Episode 359 – A Nation in a Nation, Part 3

This week, we’re talking about some of the major projects of Ikeda’s time as leader of Soka Gakkai, including both the foundation of Soka Gakkai’s political party and the construction of the Sho Hondo, a grand new hall for Nichiren teachings.


Kie-chang Oh, John. “The Fusion of Politics and Religion in Japan: The Soka Gakkai-Komeito”. Journal of Church and State 14, No 1 (Winter, 1972).

Stone, Jacqueline I. “By Imperial Edict and Shogunal Decree: Politics and the Issue of the Ordination Platform in Modern Lay Nichiren Buddhism.” In Buddhism in the Modern World: Adaptations of an Ancient Tradition. Edited by Steven Heine and Charles S. Prebish. Oxford University Press, 2003.

McLaughlin, Levi. Soka Gakkai’s Human Revolution: The Rise of a Mimetic Nation in Modern Japan.


An interior shot of the Sho Hondo.
The exterior of the Sho Hondo after its completion.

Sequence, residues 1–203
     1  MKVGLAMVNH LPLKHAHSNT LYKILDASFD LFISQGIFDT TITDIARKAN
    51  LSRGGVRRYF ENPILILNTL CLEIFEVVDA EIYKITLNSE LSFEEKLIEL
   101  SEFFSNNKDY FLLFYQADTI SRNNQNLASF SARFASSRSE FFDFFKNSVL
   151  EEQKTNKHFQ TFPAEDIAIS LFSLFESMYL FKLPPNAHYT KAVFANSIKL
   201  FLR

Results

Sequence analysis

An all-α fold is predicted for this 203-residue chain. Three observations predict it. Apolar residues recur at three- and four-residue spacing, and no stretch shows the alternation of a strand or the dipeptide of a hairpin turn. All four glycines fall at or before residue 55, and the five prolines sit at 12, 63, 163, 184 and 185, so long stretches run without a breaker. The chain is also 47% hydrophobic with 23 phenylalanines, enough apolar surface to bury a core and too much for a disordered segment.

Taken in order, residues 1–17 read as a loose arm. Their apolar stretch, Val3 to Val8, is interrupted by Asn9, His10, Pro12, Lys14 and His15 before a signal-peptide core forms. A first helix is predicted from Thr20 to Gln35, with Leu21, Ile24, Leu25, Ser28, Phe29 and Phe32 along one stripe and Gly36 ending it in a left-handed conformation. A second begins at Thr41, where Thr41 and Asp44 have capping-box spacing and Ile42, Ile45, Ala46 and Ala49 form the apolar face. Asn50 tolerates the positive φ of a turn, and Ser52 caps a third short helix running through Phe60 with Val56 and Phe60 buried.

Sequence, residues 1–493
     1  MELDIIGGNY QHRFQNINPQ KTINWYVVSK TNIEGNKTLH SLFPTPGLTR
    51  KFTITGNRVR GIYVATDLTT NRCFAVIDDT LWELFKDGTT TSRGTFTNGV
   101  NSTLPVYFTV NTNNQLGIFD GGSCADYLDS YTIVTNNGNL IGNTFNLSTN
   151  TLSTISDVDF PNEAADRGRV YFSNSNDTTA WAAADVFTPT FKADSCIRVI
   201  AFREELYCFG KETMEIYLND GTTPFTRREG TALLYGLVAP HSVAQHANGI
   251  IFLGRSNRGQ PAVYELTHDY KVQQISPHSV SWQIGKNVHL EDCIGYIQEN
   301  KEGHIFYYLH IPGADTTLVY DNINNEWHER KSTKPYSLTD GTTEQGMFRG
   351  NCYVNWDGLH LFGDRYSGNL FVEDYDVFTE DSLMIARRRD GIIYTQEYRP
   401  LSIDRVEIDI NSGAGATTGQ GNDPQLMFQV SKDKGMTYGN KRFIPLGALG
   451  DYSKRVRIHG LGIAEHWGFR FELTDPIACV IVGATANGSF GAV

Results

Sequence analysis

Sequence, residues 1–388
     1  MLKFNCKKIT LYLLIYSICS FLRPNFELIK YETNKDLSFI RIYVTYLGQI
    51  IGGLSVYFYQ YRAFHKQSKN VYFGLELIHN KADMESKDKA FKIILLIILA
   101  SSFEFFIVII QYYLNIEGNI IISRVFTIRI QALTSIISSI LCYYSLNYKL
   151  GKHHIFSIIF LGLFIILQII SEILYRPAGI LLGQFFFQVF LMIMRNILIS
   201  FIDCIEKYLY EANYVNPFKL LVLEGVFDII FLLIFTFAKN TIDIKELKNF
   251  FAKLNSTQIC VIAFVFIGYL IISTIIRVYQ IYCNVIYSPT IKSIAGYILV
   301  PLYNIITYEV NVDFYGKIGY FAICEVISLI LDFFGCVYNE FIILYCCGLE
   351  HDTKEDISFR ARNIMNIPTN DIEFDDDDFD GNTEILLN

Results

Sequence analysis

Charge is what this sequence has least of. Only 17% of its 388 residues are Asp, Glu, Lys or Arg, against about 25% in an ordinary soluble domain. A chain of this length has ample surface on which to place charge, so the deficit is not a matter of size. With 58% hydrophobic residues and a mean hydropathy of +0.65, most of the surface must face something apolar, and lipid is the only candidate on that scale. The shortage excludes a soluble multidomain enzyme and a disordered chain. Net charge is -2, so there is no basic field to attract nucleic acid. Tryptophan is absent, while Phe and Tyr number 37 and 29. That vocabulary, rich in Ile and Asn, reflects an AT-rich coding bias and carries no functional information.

The founding ceremony of the Komeito in 1964. From left to right, the text reads “The happy masses’ Komeito”, “Komeito Foundation Ceremony”, “Komeito: Pillar of Japan.”
Fujiwara Hirotatsu’s ‘I Denounce Soka Gakkai’ was one of many works attacking the group’s involvement in politics in the 1960s.
The Hall of the Great Vow in Soka Gakkai’s current headquarters in Shinanomachi, Tokyo. From this headquarters the group presides over a very defined yet flexible organizational hierarchy developed by Toda Josei.
A liason meeting between the current Komeito and Soka Gakkai. Though the groups aren’t officially unified anymore their relationship is extremely close.

1 thought on “Episode 359 – A Nation in a Nation, Part 3”

  1. I’m someone who is not SGI or even Japanese, but my school has an exchange program relationship with Soka University Japan, so I spent a year there. Almost everyone there is an SGI member (90%+, iirc). The American school is less overwhelmingly SGI, but it’s still about 50/50 from my understanding. There never was anyone forced to chant or anything like that, but there was an omnipresence and it wasn’t particularly sensitive to atheists. To a certain extent, it is like being at a Catholic university. The big thing was that the university would buy us snacks “from Ikeda Sensei” and we were expected to give thanks for our Ebi Senbei in our weekly hall meetings with the RAs.

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